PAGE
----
TAHLEQUAH — firstname.lastname@example.org
Cherokee Nation Supreme Court justices heard testimony Thursday in the appeal of the District 4 Tribal Council election runoff.
Official results of the July 27 election show three-term incumbent Don Garvin edging Mike Dobbins out by eight votes. Garvin earned 352 votes of the nearly 700 ballots cast, or 50.6 percent, compared to Dobbins’ 344 votes, or 49.4 percent.
Dobbins exercised his right to request a recount, which took place Thursday, Aug. 1. The recount confirmed the original election results, giving Dobbins a final right of appeal, which he filed Tuesday evening.
According to court documents, Dobbins, through attorney Tim K. Baker, is asking the court to vacate the official re- count re- sults, as the Cherokee Nation Election Commission “failed to conduct the election process in accordance with [the Cherokee] Constitution and laws of the Cherokee Nation. As such, the results of said election were fatally flawed.”
Ballots that may have been counted improperly were cast by five voters at precincts where they were not registered. Baker argued that the tribe’s election laws and regulations require a voter to cast in-person ballots at the precinct where the voter is registered.
This was later confirmed by a Cherokee Nation Election commissioner.
Harvey Chaffin, who represented the CNEC, said those ballots were only “submitted” at the precinct, and because the challenge ballots were counted at the election commission office. That is where they were “cast” and should be included in the final tally, he said.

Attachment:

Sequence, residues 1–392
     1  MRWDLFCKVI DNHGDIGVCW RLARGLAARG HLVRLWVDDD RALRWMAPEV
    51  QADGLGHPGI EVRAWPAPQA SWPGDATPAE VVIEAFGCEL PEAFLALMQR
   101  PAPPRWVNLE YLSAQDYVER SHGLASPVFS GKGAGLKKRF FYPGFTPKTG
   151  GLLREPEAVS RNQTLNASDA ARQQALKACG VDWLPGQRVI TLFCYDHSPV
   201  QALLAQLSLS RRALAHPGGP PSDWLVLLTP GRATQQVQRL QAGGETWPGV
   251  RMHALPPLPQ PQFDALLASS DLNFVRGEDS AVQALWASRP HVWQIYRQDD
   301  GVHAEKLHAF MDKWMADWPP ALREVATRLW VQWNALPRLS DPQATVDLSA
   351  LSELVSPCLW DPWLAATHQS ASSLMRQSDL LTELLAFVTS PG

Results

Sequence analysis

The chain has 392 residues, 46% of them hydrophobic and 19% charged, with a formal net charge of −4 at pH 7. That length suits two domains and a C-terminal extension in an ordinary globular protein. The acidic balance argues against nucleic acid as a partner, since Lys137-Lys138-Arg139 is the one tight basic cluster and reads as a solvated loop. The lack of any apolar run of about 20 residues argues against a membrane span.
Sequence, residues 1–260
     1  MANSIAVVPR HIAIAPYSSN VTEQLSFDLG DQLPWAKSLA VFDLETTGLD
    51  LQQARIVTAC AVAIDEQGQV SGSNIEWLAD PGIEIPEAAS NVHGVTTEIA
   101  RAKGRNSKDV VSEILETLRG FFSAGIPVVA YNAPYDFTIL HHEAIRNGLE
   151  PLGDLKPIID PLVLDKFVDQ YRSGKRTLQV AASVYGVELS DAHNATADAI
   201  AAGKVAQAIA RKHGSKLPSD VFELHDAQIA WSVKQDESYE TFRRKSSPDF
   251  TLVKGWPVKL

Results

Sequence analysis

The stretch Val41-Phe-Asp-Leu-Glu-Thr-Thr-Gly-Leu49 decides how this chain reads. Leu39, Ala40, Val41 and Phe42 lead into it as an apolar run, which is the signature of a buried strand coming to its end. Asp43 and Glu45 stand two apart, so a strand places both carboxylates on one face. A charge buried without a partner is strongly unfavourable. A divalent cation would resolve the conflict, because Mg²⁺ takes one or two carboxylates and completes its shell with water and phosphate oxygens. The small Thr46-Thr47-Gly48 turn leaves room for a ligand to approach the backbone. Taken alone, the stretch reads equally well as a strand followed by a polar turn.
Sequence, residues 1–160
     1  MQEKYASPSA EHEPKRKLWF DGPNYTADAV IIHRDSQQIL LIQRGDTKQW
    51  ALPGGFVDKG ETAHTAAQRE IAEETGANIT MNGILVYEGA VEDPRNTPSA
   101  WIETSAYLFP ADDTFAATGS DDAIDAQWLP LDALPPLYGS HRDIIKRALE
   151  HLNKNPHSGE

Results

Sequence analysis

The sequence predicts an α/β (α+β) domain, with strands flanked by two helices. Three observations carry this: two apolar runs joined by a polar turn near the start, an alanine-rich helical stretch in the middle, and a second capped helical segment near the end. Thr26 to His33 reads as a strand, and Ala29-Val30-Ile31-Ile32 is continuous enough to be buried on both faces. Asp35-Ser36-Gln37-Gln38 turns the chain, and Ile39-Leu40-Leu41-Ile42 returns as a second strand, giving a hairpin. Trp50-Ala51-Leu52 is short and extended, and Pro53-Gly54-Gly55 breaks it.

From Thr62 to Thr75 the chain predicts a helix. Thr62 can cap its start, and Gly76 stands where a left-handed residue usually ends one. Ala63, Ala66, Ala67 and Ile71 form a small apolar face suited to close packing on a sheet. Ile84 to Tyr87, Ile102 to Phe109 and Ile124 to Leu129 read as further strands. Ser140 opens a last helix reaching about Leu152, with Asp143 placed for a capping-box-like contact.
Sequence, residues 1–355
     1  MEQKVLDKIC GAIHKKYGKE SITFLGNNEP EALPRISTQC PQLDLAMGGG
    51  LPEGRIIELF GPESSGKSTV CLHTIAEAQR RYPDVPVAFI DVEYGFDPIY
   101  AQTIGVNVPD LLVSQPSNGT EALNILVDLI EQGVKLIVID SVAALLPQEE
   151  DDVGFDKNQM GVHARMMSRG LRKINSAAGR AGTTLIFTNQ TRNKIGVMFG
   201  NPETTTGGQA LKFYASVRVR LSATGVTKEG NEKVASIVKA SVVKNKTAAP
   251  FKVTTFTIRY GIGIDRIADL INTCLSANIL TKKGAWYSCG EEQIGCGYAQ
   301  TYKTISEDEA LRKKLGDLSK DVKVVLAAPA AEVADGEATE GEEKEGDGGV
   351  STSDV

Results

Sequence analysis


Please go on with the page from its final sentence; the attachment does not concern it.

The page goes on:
A second proposition subject to review was the rejection of absentee ballots with illegible signatures. Baker argued that election officials lack the authority to override a notary public’s signature.
A final irregularity addressed by Dobbin’s attorney involved the malfunction of the voting machine at the Warner precinct.
As a result of the equipment failure, precinct workers did not tabulate and tally ballots cast in Warner before taking them to Tahlequah.
Tribal election laws re- quire precinct workers to count the ballots cast and make a tally, even if it has to be done by hand. If the equipment failure becomes an issue, it could put 129 votes into play, more than enough to invalidate the election.
As of press time, the court had not issued a decision. But on Thursday, the all parties – Garvin, Dobbins and Chaffin – agreed to a protective order, sealing the personal voter data and identification numbers listed in previous court documents.
Dobbins, a retired dentist, is originally from Tahlequah, but now lives in Fort Gibson.